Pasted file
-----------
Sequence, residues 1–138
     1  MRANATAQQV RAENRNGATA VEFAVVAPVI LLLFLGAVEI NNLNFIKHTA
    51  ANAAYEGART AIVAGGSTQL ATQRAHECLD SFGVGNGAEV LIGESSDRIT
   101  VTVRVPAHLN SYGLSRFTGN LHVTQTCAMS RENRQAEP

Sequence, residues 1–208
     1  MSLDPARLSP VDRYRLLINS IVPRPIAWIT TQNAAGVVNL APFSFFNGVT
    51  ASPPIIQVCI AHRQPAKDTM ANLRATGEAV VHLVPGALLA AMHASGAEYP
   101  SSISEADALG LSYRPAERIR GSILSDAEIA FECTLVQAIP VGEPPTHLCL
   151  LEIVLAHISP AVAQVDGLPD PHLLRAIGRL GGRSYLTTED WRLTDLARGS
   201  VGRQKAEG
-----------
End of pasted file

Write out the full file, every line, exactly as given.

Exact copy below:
Sequence, residues 1–138
     1  MRANATAQQV RAENRNGATA VEFAVVAPVI LLLFLGAVEI NNLNFIKHTA
    51  ANAAYEGART AIVAGGSTQL ATQRAHECLD SFGVGNGAEV LIGESSDRIT
   101  VTVRVPAHLN SYGLSRFTGN LHVTQTCAMS RENRQAEP

Sequence, residues 1–208
     1  MSLDPARLSP VDRYRLLINS IVPRPIAWIT TQNAAGVVNL APFSFFNGVT
    51  ASPPIIQVCI AHRQPAKDTM ANLRATGEAV VHLVPGALLA AMHASGAEYP
   101  SSISEADALG LSYRPAERIR GSILSDAEIA FECTLVQAIP VGEPPTHLCL
   151  LEIVLAHISP AVAQVDGLPD PHLLRAIGRL GGRSYLTTED WRLTDLARGS
   201  VGRQKAEG